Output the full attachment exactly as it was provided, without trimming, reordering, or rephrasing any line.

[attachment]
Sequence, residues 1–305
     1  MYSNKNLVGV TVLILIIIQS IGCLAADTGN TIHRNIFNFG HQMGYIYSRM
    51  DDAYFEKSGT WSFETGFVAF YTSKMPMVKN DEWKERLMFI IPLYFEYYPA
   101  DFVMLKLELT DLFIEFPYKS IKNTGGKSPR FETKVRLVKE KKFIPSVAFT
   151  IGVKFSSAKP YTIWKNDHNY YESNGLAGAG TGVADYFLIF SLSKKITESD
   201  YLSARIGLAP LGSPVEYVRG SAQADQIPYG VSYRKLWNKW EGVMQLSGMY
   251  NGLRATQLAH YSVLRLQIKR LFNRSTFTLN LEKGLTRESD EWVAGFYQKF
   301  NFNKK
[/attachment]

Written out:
Sequence, residues 1–305
     1  MYSNKNLVGV TVLILIIIQS IGCLAADTGN TIHRNIFNFG HQMGYIYSRM
    51  DDAYFEKSGT WSFETGFVAF YTSKMPMVKN DEWKERLMFI IPLYFEYYPA
   101  DFVMLKLELT DLFIEFPYKS IKNTGGKSPR FETKVRLVKE KKFIPSVAFT
   151  IGVKFSSAKP YTIWKNDHNY YESNGLAGAG TGVADYFLIF SLSKKITESD
   201  YLSARIGLAP LGSPVEYVRG SAQADQIPYG VSYRKLWNKW EGVMQLSGMY
   251  NGLRATQLAH YSVLRLQIKR LFNRSTFTLN LEKGLTRESD EWVAGFYQKF
   301  NFNKK